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CORROSION ENGINEERING SECTION

Electrochemical Behavior
of Steel-Reinforced Concrete
During Accelerated Corrosion Testing

S.A. Austin,‡,* R. Lyons,* and M.J. Ing*

ABSTRACT INTRODUCTION
Corrosion of reinforcing steel presents a major durability Research Significance
issue worldwide and is the focus of much research activity. The focus of this paper is to examine and review
The long time periods involved in replicating reinforcement
the impressed current method of accelerating chlo-
corrosion within laboratories has resulted in a number of
ride-induced corrosion. While this method is com-
accelerated test methods being developed. The basis of
the research presented in this paper was to examine the
mon, little published work has been found describing
impressed current technique often used to induce reinforce- its suitability as a technique to model reinforcement
ment corrosion. The suitability of the technique to model chlo- corrosion and the theory behind the practice. In par-
ride-induced corrosion was investigated by examining the ticular, the electrochemical implications of applying
electrochemical nature of the test method. Corrosion was an external current are examined and compared
induced in prisms of differing characteristic strengths and against the natural electrochemistry of corrosion of
cover thicknesses by applying a current between 3 days and steel reinforcement. The experimental program inves-
17 days. The acoustic emission (AE) technique detected the tigated the applicability of applying Faraday’s law for
onset of corrosion. The gravimetrical and theoretical mass the calculation of mass loss under the test conditions
losses are compared and a modified expression based on
set out below, and the paper discusses the suitability
Faraday’s law relating the electrical current to the mass loss
of the technique as a model for accelerating chloride-
is also proposed, which accounts for the localized nature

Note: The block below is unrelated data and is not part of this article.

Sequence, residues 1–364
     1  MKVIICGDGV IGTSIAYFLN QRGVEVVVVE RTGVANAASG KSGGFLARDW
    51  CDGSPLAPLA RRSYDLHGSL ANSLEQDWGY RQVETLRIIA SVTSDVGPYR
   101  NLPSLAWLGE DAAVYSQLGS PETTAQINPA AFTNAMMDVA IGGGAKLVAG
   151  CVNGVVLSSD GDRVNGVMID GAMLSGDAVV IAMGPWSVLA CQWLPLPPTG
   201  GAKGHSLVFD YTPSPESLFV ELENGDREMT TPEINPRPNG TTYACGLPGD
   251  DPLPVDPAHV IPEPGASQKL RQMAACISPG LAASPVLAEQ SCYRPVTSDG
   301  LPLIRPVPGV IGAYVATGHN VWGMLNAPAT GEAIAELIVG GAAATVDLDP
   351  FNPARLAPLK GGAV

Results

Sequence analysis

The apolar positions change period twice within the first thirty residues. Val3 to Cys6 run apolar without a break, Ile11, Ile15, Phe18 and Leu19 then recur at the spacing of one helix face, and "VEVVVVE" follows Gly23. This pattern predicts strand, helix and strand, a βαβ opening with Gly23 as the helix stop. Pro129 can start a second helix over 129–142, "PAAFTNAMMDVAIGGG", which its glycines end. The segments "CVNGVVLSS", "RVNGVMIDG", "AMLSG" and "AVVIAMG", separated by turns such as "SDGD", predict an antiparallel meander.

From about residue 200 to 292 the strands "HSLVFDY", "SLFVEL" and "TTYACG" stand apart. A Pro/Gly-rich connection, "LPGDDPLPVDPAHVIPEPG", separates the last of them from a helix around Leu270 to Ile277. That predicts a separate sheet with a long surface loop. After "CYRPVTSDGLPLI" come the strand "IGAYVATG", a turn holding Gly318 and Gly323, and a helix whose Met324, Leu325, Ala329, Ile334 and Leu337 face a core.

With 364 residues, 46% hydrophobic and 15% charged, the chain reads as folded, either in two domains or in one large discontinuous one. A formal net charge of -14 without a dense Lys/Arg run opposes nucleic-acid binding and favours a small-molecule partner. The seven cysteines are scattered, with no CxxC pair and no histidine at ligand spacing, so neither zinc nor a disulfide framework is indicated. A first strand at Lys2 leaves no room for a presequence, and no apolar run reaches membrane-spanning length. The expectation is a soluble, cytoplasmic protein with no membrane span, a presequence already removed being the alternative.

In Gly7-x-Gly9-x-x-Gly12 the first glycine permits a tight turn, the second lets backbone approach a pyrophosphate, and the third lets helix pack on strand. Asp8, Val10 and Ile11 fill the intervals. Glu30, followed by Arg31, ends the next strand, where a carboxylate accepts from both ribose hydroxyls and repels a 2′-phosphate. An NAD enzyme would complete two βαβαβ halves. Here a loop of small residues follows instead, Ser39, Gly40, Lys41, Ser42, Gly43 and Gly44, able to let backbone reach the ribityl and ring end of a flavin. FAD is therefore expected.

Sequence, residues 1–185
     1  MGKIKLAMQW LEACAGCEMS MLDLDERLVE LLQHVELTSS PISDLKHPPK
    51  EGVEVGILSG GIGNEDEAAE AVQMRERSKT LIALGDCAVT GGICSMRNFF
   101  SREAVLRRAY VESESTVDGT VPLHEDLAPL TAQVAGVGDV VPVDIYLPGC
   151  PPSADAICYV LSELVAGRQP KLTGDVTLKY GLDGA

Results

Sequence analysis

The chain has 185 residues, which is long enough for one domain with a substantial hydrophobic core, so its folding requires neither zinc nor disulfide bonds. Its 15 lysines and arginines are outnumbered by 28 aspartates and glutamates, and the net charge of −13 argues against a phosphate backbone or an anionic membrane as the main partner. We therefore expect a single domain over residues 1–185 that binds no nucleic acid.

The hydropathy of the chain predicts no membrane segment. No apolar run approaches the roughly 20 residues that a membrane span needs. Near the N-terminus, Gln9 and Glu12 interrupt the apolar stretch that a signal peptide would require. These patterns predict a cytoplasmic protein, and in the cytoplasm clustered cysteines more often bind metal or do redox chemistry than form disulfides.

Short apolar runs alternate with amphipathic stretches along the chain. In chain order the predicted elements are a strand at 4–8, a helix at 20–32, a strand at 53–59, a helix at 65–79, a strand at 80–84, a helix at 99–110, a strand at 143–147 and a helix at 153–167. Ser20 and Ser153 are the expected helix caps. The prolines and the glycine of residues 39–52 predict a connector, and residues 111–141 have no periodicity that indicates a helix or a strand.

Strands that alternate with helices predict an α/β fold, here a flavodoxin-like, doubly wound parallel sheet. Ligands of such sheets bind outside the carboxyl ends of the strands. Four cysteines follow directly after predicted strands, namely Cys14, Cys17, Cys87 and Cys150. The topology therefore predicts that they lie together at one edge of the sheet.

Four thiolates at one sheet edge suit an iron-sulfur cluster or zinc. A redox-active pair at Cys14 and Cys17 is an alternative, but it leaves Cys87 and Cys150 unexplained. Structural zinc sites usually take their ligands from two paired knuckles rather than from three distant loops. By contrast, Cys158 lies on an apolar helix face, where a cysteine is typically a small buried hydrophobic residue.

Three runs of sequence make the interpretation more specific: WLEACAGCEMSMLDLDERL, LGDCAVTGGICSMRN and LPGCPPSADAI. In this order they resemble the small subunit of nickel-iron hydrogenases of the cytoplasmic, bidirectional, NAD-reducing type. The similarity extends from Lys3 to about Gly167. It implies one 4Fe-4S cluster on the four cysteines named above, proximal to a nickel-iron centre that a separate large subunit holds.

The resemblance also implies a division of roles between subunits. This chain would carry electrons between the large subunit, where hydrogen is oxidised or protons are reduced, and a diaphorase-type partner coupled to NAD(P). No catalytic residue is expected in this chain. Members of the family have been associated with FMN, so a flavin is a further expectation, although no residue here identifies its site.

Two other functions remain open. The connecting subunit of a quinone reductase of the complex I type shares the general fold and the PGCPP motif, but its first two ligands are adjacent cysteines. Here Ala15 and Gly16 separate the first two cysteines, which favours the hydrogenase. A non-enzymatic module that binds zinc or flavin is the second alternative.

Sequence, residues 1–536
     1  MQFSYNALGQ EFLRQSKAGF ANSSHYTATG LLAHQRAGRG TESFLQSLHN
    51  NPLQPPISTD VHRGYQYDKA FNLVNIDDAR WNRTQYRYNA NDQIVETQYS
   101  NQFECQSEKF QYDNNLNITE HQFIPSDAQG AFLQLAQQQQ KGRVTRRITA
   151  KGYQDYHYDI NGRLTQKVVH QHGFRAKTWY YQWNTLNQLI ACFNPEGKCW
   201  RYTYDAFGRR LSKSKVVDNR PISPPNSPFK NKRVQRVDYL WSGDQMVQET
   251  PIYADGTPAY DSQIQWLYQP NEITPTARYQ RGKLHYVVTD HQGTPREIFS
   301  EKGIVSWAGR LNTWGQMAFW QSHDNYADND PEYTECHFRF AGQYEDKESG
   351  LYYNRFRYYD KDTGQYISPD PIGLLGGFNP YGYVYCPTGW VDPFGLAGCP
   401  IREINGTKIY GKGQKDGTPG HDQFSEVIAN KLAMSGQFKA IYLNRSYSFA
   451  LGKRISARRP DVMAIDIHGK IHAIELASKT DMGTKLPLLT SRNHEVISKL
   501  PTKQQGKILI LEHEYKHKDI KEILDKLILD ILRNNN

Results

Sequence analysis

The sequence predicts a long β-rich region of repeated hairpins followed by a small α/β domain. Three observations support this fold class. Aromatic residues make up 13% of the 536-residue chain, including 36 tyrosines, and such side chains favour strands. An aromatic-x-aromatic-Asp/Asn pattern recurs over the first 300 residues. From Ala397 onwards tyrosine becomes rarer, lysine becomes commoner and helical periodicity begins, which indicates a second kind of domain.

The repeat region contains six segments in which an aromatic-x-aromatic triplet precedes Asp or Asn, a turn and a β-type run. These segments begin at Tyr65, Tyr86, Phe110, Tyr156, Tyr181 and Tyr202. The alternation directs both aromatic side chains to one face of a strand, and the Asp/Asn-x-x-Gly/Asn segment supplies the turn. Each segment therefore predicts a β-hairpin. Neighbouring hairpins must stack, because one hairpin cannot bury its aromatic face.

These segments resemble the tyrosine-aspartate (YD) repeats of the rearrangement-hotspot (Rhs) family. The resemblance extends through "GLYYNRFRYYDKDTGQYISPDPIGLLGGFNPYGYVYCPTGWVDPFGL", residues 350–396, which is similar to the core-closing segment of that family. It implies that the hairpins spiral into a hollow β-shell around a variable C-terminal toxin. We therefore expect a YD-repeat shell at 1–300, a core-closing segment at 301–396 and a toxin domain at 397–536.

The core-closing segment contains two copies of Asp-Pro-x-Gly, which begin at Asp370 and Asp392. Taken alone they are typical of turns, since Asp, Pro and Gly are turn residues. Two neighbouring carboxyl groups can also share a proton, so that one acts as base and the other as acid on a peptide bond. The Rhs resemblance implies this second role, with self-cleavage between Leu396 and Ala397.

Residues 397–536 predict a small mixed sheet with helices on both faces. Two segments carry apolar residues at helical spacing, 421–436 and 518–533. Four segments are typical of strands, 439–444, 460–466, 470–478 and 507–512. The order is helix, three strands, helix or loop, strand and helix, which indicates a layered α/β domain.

of chloride-induced corrosion. This improved method is induced reinforcement corrosion within the labora-
dependent upon a reliable method of detecting the onset of tory. Corrosion induced by an impressed current was
corrosion, which can be achieved by AE. On balance, the detected with a novel corrosion detection technique
impressed current technique appears suitable to simulate based on acoustic emission.
reinforcement corrosion.
Corrosion Mechanisms
KEY WORDS: acceleration, acoustic emission, anodic polar-
The damaging role that corrosion of reinforced
ization, electrochemical properties, impressed current, steel-
reinforced concrete
concrete has on the durability of concrete structures
is well documented.1-2 To improve understanding of
reinforcement corrosion and its effects, accelerated
Submitted for publication November 2002; in revised form, June modeling of corrosion in the laboratory is often re-
2003. quired. The reliability and accuracy of the results will

Corresponding author.
* Centre for Innovative Construction Engineering, Loughborough depend upon the closeness of the laboratory simula-
University, Leicestershire, LE11 3TU, United Kingdom. tion to corrosion in real-life situations. Good quality
0010-9312/04/000019/$5.00+$0.50/0
CORROSION—Vol. 60, No. 2 © 2004, NACE International 203
CORROSION ENGINEERING SECTION

concrete will normally offer excellent chemical pro- duration of the wetting and drying periods.6 Further-
tection for the steel reinforcement against corrosion3 more, the subsequent rate of corrosion is not acceler-
due to the high alkalinity and the low permeability of ated and is dependent upon a sufficient supply of
the matrix.4 At a pH of 13.5, the interaction between oxygen and water. The first two methods are either
the steel and the hydroxyl ions present in the pore combined or separate, depending upon the reason
solution results in the formation of an insoluble behind the study.
γ–Fe2O3 layer, rendering the underlying metal pas- Where an impressed current is used to drive